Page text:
Baseball legend Jeff Conine proves he's still Mr. Marlin, helping The Fish win and giving back to the community he loves.
During his MLB career, Marlins legend Jeff Conine was a two-time National League All-Star and two-time World Series champion, in 1997 and 2003 (shown here taking his turn at bat against the San Francisco Giants in 1994).
A member of both Marlins World Series championship teams, Jeff Conine was dubbed Mr. Marlin early on in his career, and he still carries the nickname today, both as a special assistant to team president David Samson and as a Marlins broadcaster for Fox. As the Miami Marlins enter deeper into the season, the hometown sports hero talks to Ocean Drive about life in and out of baseball.
Which moments stand out to you as a player for the then-Florida Marlins? The ultimate goal is to win the World Series, so when you think about those big moments—Édgar Rentería’s hit up the middle and Josh Beckett tagging out Jorge Posada—it doesn’t get any better than that.
You had mixed thoughts about the nickname Mr. Marlin. How do you feel about it today? Early on I didn’t know how I felt about it, but now looking back and people still calling me that, it’s an honor to be recognized as someone who started with this franchise and still works for the same franchise. That’s how people recognize me. A lot of people just call me Mr. Marlin, which is kind of a cool thing.
Do you stay in touch with any of your teammates? Robb Nen is probably my best friend in baseball. We keep in touch quite a bit and travel once in a while. I just talked to him the other day, and to other guys through Facebook and other means. I just saw Bobby Bonilla. He works for the Players Association. I seem to run into the guys at some point if they stay in the game.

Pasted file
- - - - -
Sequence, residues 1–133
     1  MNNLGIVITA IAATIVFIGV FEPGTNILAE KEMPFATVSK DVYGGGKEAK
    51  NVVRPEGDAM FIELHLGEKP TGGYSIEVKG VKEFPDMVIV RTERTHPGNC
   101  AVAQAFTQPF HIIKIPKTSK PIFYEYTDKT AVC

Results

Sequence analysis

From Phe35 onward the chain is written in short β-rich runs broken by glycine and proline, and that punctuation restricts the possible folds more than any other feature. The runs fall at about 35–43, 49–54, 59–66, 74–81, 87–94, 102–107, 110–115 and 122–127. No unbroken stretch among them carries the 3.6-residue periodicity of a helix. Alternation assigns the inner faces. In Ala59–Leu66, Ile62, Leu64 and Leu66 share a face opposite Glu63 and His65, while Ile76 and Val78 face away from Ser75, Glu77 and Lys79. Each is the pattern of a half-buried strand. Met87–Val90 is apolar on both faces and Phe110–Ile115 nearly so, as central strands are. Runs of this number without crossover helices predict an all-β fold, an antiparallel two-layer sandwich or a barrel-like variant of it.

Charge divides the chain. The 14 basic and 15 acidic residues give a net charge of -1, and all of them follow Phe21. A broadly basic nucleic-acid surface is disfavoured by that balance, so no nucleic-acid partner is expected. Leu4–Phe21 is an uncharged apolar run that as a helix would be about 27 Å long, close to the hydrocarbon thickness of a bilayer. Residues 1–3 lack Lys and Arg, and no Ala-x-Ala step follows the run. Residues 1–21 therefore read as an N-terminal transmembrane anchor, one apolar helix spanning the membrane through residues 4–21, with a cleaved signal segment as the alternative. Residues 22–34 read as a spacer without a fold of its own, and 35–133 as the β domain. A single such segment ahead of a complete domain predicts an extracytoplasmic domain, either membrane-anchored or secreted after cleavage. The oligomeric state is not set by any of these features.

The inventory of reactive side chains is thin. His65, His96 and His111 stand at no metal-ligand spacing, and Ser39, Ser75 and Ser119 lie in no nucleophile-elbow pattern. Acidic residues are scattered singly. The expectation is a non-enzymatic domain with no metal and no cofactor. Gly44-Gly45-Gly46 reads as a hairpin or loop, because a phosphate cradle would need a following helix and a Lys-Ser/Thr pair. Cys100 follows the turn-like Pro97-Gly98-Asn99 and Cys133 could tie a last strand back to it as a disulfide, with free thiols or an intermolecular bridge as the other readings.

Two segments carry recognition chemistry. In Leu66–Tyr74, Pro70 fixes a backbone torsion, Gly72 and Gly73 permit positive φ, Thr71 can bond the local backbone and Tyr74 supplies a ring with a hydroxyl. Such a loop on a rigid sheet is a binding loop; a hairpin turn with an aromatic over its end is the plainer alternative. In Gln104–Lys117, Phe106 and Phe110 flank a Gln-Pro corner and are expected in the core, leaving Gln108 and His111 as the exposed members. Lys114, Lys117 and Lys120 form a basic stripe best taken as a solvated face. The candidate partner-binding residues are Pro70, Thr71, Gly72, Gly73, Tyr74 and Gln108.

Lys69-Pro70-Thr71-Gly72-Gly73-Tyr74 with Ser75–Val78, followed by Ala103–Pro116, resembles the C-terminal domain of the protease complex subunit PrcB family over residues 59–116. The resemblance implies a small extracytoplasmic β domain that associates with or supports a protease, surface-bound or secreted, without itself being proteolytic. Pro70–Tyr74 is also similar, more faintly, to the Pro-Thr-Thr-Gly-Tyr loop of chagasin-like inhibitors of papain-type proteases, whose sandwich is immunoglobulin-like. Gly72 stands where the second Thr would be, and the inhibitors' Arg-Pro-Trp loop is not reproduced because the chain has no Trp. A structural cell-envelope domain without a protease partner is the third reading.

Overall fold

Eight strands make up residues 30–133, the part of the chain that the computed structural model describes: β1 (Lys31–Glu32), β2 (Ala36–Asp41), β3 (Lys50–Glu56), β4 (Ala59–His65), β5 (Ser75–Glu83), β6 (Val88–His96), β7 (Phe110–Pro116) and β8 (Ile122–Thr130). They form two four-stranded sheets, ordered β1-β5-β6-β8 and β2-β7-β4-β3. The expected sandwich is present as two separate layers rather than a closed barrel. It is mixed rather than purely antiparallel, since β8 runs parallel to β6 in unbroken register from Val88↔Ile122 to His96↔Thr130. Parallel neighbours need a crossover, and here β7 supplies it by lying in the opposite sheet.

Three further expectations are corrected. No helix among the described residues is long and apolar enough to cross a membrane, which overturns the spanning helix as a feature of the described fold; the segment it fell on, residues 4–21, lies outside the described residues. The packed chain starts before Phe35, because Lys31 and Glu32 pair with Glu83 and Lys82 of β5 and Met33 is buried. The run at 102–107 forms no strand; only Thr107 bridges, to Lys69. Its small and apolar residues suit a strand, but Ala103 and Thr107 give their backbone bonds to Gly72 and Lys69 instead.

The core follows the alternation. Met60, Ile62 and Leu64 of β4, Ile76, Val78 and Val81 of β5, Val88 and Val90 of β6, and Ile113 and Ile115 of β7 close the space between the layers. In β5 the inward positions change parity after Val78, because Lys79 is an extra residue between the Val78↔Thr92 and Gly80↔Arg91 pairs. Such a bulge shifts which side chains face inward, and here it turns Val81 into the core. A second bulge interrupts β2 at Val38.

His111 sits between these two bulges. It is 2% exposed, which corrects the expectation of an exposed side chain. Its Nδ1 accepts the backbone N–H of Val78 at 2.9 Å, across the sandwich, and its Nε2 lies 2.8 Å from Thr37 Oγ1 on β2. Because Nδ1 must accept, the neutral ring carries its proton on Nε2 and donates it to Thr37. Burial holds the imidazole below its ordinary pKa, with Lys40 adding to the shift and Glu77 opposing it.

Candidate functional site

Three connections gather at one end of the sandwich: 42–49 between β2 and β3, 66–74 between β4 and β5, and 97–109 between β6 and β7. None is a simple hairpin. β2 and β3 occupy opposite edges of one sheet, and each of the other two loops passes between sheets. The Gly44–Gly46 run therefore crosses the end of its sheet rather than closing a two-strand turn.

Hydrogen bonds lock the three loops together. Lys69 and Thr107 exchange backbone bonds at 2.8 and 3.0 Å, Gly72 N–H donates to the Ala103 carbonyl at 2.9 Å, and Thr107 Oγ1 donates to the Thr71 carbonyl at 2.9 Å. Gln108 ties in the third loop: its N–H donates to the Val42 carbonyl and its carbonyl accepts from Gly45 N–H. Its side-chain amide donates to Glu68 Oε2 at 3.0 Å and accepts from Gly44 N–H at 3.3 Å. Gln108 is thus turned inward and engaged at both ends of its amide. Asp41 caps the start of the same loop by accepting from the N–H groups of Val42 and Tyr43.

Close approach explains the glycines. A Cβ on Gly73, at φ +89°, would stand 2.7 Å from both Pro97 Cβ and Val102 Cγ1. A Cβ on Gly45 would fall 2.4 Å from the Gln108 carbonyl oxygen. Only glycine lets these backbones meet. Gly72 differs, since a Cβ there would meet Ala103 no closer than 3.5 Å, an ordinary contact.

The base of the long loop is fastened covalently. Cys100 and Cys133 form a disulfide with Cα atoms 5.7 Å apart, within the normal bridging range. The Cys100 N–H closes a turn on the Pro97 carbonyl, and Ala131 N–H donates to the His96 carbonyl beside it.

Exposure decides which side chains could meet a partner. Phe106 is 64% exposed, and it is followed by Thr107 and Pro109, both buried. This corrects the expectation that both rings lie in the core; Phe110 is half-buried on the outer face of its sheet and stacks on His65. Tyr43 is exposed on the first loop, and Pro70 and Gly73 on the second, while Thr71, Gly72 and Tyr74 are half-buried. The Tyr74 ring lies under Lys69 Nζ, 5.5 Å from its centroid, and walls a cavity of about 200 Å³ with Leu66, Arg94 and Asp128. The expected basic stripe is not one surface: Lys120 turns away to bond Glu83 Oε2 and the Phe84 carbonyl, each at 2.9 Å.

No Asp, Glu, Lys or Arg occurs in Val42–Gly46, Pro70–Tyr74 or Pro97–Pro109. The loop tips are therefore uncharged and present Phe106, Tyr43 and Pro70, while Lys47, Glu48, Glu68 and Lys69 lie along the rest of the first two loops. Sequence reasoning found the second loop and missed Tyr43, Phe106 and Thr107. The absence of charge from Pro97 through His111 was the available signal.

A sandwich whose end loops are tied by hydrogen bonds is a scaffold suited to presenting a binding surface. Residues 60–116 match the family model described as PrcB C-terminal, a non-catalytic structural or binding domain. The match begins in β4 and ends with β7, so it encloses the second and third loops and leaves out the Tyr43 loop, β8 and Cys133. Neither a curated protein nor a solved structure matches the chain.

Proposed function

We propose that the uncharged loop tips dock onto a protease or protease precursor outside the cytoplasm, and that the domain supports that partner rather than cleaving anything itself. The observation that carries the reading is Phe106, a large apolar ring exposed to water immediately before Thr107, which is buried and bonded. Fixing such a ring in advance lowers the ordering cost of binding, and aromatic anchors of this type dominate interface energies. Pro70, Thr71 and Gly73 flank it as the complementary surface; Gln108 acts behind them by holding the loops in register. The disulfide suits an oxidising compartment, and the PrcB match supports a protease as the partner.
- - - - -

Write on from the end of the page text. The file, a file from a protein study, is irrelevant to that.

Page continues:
When you came back to the team in 2003, what was that like for you? Just being able to go back home was huge. When I called my wife and said there was a potential trade to send me back to Florida, she thought I was lying. We made our home base here, we had our kids here, they went to school here—coming back home to play is what you long for.
Tell us about your current dual role with the Marlins. I go to every home game, sit in on winter meetings for trades, visit the affiliates, suit up for batting practice and get on the field with the guys, and I go to spring training and instruct. I’m in the dugout trying to help these guys be big leaguers because it’s a game of experience. The broadcasting job was presented to me and it didn’t interfere with my duties with the Marlins, so Fox said, “Hey, do you want to try this out?” I really enjoy it. One thing I know how to talk about is baseball.
How do you spend your free time? I’m still active. I’m playing tennis now. I enjoy golf. I’m kind of a wine collector, so I’m dabbling in that a bit. I still have a son at home and he’s heavily into track, and we are doing a lot of track and field stuff with him. My other son plays at Duke, so we travel up to see him.
How did you become involved with Joe DiMaggio Children’s Hospital? Right when the team started, in ’93, my wife and I wanted to get involved with a charity and knew we wanted it to be with children. One of my teammates at the time, Orestes Destrade, was going to a luncheon at Joe DiMaggio Children’s Hospital and said, “Do you want to go over there?” So we went and Joe DiMaggio and Tommy Lasorda were there, and it was just an amazing organization. We decided shortly thereafter that was what we wanted to direct fundraising efforts toward. We started the golf tournament in 1995 that’s still running, and we’ve raised about $5 million doing it.